Recurrent anomalies of 6q25 in chondromyxoid fibroma.
ABSTRACT Chondromyxoid fibroma is a rare benign bone tumor most commonly arising in the metaphysis of long bones in young adults. Histopathologically, chondromyxoid fibroma may be difficult to distinguish from other cartilaginous neoplasms. Recently, a pericentric inversion of chromosome 6 [inv(6)(p25q13)] has been proposed as a specific genetic marker for chondromyxoid fibroma. In this study, cytogenetic and spectral karyotypic analyses of 2 chondromyxoid fibroma cases showed clonal abnormalities of chromosome 6 but at a breakpoint on the long arm (q25) distal to that described in the pericentric inversion. These findings suggest that several distinct breakpoints on chromosome 6 are nonrandomly involved in chondromyxoid fibroma.
SourceAvailable from: Saroona Haroon[Show abstract] [Hide abstract]
ABSTRACT: Objectives: To evaluate the clinico-pathological features and treatment options of chondromyxoid fibroma patients. Methods: The retrospective study was conducted at the Aga Khan University Hospital (AKUH), Karachi, and comprised data of all cases of chondromyxoid fibroma of bone diagnosed between 1996 and 2013.The diagnosis had been made mostly histopathologically, but also included patients in whom preoperative incisional biopsies had been used. Histopathological and radiological findings along with various treatment options and follow-up was recorded on a proforma. Results: Of the total 36 patients,14(39%) were females and 22(61%) were males, with an overall mean age ± of standard deviation 20.9 years ± 9.8 (range: 6-51 years). Diagnosis was made histopathologically in 27(75%) patients and biopsy was used in 9(25%) cases. The most common site of involvement was tibia in 16(44.4%). The main presenting symptom was pain in 30(83.3%) and/or swelling in 6(16.6%). Radiological examination revealed no foci of soft tissue involvement. Bizarre large atypical cells were seen in 14(39%) cases and osteoid formation in 2(5.5%), leading to extreme difficulty in diagnosis. Treatment options included wide resection and marginal excisionin 22(61%) cases, intra-lesional curettage in 14(39%). The mean ± standard deviation follow-up was 48.8 ± 40.2 months (range: 8-152 months). Follow-up details were available only for 19(53%) patients. Among them, recurrence occurred in 7(36.8%) patients. No functional loss developed after surgical treatment, but 3(16%) patients developed wound-site infection. Conclusions: Chondromyxoid fibroma is clinically and histopathologically rare and difficult to diagnose because of the absence of typical diagnostic features in every case.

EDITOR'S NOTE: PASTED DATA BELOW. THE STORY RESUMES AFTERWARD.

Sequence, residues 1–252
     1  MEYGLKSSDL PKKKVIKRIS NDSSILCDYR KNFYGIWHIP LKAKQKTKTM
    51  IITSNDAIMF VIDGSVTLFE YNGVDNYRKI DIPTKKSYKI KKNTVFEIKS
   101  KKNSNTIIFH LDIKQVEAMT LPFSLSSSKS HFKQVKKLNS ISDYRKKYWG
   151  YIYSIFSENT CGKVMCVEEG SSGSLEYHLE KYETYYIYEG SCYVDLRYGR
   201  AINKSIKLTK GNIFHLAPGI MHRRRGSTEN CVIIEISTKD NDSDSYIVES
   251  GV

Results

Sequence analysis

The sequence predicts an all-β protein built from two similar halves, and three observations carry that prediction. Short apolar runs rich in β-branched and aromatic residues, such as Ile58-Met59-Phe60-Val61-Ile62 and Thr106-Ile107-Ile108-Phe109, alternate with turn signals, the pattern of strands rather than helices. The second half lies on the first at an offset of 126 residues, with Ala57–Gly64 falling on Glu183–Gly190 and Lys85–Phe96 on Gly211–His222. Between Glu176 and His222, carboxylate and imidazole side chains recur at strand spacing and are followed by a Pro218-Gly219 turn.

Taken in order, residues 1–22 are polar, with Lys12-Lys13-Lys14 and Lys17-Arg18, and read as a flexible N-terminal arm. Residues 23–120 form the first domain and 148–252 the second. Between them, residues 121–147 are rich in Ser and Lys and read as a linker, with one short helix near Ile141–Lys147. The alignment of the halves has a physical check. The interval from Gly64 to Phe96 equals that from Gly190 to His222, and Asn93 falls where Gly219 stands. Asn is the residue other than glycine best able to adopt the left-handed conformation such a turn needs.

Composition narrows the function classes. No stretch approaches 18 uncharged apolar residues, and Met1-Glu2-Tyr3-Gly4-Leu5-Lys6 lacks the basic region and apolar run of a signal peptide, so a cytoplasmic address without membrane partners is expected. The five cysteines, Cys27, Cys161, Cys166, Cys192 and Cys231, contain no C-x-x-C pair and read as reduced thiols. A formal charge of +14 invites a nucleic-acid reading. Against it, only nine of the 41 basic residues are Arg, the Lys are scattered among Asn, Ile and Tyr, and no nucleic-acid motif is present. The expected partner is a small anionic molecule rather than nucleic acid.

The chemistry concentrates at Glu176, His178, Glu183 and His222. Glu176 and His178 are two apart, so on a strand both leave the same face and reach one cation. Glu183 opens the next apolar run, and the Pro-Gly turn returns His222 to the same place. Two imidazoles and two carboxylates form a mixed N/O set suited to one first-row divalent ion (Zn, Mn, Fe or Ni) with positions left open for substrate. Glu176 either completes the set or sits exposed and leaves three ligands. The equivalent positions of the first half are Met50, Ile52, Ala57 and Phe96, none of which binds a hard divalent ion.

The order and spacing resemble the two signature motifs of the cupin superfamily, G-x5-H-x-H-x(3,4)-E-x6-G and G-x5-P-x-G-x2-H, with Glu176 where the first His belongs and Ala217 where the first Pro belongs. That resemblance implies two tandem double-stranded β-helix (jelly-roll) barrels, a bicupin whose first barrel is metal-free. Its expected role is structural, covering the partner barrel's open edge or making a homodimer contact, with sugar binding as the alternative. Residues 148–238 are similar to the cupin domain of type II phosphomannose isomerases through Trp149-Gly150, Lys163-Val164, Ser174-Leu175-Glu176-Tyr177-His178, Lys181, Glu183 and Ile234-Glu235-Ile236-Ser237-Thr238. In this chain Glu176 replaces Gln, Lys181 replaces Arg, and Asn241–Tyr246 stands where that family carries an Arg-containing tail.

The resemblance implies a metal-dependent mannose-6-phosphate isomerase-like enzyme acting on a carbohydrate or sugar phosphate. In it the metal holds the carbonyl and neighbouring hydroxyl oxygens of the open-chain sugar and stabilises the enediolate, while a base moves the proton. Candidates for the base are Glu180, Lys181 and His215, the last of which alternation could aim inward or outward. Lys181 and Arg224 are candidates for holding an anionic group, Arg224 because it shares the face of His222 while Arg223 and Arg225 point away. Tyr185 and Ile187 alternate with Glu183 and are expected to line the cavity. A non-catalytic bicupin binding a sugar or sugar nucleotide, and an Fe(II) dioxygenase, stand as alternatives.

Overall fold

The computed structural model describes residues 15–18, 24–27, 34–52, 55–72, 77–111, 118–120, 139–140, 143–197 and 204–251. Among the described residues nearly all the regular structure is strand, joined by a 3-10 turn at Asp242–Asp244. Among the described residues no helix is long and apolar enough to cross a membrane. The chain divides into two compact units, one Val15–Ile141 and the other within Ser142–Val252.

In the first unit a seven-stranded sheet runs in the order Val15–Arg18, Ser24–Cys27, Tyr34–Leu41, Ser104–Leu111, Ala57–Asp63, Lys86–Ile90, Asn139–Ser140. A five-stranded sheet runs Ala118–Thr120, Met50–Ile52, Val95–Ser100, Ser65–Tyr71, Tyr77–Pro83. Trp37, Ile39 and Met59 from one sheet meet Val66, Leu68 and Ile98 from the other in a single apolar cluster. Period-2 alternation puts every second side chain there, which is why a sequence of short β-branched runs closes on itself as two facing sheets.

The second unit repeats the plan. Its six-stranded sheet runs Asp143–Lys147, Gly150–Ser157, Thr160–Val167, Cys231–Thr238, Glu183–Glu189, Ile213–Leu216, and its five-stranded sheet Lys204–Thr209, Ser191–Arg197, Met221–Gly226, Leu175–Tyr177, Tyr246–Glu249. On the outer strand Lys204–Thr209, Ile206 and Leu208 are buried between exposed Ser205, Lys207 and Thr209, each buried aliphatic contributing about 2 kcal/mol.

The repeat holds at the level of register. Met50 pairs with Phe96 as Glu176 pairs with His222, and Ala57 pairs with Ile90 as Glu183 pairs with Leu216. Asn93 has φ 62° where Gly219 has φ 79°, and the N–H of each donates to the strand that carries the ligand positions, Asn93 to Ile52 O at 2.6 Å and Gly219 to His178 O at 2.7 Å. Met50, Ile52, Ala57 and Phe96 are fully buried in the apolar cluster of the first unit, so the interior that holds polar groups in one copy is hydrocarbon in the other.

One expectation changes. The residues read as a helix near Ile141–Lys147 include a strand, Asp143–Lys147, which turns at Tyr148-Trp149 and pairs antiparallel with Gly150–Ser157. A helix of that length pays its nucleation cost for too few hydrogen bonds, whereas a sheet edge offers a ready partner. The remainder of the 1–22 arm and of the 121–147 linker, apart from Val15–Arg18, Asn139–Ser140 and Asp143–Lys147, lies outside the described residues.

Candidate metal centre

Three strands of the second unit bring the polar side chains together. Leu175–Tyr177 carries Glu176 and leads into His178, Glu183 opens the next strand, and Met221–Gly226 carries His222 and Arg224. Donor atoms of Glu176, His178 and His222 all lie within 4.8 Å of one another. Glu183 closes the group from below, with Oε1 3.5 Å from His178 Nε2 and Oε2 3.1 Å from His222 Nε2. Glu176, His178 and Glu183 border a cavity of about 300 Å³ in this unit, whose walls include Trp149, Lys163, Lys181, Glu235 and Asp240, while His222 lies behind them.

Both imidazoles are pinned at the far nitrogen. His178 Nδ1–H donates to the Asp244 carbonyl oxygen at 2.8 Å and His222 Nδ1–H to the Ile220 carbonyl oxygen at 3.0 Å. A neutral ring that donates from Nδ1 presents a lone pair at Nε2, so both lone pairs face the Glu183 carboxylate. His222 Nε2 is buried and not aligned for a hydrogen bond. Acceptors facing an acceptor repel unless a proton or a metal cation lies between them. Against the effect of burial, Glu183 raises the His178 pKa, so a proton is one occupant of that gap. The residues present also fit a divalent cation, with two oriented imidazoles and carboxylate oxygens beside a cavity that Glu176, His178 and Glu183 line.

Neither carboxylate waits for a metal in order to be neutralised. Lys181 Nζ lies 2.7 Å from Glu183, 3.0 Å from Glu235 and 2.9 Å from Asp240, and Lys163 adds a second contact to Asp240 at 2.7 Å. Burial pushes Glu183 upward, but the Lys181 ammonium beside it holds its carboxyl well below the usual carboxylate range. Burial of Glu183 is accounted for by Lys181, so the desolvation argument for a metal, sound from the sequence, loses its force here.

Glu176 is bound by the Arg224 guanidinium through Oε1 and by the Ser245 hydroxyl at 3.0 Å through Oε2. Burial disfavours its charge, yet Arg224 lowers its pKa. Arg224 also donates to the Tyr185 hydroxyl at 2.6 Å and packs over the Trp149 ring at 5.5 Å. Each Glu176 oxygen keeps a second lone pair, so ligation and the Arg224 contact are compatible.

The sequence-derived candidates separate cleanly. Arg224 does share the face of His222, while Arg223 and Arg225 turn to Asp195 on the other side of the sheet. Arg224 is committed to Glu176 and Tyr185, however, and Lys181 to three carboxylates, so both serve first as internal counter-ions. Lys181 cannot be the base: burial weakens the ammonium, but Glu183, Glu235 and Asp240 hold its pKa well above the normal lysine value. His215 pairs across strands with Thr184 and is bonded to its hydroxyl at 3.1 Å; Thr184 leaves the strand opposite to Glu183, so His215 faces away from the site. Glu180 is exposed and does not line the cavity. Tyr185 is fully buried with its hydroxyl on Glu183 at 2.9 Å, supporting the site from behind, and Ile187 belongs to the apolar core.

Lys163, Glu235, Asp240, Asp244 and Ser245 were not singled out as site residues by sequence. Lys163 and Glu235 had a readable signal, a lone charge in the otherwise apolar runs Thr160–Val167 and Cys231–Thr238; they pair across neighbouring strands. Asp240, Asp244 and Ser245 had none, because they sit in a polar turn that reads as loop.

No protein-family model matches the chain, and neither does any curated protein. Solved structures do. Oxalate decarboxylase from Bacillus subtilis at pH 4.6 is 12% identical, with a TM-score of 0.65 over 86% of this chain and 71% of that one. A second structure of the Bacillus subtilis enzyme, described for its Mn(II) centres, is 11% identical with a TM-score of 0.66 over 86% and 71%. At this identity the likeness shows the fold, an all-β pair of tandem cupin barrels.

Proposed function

Clinical Orthopaedics and Related Research 05/2014; 472(8). DOI:10.1007/s11999-014-3704-9 · 2.88 Impact Factor
Article: Cartilage-forming tumors.[Show abstract] [Hide abstract]
ABSTRACT: Cartilage-forming tumors as a group are the most common primary bone tumors; this is largely due to the common occurrence of asymptomatic benign lesions such as osteochondroma and enchondroma. The common feature of these tumors is the presence of chondrocytic cells and the formation of cartilaginous tumor matrix. Some of these tumors are true neoplasms while others are hamartomas or developmental abnormalities. The morphologic heterogeneity of these tumors may be explained by a common multipotent mesenchymal cell differentiating along the lines of fetal-adult cartilage maturation. Recently mutations in IDH1 and IDH2 have been detected in a variety of benign and malignant cartilaginous tumors.(1-4.)Seminars in Diagnostic Pathology 01/2014; 31(1):10-20. DOI:10.1053/j.semdp.2014.01.006 · 1.80 Impact Factor